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NTU and Toshiba Collaborate on Advance Cooling Technology to Cut Energy Costs

Toshiba and Nanyang Technological University (NTU) have collaborated to develop a new cooling technology for data centers to reduce their energy expenses by atleast one-third by enhancing their energy efficiency.

Front view of the Toshiba-NTU green modular data centre

The sophisticated info-communications technology (ICT) developed at NTU and the air cooling technology conceived by Toshiba have been integrated at a data center which is now the test bed for researchers. Data centers are storehouses for information technology (IT) systems functioning at the back-end, databases, servers and mainframes. The energy consumed by data centers is 100 to 200 times that consumed by offices. The United States Department of Energy pegs the energy cost of data centers to be 50% of office operating costs. In Singapore, where the annual growth rate of data centers is 15% to 20%, the energy consumption of the top 10 data centers is considered to be equivalent to the energy consumption of 130,000 households. The novel test bed endeavors to offer data centers located in the sub tropical environs of South-East Asia, a sustainable solution for cooling.

The new system combines an intelligent cooling system with an advanced modular structure that can either function as standalone modules or as combined system with higher computing power. Data centers typically cool their systems using air conditioners which generate huge energy bills as they keep recirculating the air and exerting more energy to cool hot air. The new cooling system however uses the outside air for cooling whenever the temperature of air outside dips lower than that of the air in the data center. The ICT technology optimizes server usage in data centers by merging multiple applications running on different servers onto just one server and switches the unused servers into sleep mode, thereby conserving power as well as energy that would otherwise be expended on cooling those systems.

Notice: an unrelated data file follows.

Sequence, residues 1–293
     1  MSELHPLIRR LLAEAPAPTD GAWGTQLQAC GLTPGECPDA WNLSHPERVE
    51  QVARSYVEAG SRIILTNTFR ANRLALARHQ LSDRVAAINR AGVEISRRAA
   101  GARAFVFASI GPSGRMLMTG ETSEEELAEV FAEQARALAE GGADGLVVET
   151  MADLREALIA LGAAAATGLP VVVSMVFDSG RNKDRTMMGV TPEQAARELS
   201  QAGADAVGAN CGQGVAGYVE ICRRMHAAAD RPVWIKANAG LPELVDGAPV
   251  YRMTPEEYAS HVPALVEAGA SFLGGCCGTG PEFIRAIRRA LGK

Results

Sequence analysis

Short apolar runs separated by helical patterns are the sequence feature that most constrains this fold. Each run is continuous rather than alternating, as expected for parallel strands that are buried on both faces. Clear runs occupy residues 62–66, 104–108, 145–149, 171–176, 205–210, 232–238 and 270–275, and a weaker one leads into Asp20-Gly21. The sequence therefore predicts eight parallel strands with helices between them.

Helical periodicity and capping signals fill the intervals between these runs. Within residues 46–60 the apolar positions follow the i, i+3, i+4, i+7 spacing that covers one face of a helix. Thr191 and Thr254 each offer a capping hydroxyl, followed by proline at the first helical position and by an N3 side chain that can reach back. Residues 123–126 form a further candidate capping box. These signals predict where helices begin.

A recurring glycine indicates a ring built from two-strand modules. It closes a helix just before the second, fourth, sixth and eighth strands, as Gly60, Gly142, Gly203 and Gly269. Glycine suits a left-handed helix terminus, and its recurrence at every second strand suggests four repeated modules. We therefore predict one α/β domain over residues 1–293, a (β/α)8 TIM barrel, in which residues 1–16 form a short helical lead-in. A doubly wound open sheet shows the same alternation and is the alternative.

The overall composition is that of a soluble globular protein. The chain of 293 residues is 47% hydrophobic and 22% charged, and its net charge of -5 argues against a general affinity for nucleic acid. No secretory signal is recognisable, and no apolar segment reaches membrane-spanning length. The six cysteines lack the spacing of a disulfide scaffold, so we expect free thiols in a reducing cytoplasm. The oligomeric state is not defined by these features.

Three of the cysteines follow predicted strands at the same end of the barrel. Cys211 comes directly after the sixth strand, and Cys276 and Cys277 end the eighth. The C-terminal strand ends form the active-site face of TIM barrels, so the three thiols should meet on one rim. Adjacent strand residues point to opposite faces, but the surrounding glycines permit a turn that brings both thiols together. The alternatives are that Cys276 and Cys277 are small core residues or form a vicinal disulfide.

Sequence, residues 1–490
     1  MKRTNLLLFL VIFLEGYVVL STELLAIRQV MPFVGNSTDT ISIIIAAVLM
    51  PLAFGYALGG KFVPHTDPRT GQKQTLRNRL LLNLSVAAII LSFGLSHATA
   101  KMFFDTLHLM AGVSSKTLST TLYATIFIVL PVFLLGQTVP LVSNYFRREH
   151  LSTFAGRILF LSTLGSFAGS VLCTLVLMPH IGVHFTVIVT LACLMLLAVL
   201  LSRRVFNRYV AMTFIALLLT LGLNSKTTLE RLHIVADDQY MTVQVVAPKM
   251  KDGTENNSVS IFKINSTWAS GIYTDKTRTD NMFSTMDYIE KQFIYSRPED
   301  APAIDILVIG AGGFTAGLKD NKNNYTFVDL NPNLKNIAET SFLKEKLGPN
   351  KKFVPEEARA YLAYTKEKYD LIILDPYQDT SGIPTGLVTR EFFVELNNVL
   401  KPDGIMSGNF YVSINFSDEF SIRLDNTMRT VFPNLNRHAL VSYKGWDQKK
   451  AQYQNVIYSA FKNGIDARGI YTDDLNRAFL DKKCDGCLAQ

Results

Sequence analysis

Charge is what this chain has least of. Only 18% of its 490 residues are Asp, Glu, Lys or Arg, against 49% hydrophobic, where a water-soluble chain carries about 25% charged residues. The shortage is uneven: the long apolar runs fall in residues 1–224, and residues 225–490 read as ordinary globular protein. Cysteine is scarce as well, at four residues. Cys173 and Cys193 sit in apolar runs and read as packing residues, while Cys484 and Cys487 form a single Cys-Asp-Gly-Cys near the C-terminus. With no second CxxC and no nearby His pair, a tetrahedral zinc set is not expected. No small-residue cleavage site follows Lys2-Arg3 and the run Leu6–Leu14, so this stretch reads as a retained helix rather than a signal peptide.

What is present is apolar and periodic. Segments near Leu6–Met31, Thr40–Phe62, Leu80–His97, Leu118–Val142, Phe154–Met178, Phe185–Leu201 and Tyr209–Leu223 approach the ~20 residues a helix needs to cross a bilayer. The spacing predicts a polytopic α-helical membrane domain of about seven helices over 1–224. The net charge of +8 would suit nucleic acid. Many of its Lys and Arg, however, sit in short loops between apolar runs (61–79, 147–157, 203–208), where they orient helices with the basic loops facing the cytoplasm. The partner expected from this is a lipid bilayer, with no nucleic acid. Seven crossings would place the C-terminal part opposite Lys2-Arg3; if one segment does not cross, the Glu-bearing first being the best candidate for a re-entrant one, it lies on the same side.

Source: http://media.ntu.edu.sg

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G.P. Thomas

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G.P. Thomas

Gary graduated from the University of Manchester with a first-class honours degree in Geochemistry and a Masters in Earth Sciences. After working in the Australian mining industry, Gary decided to hang up his geology boots and turn his hand to writing. When he isn't developing topical and informative content, Gary can usually be found playing his beloved guitar, or watching Aston Villa FC snatch defeat from the jaws of victory.

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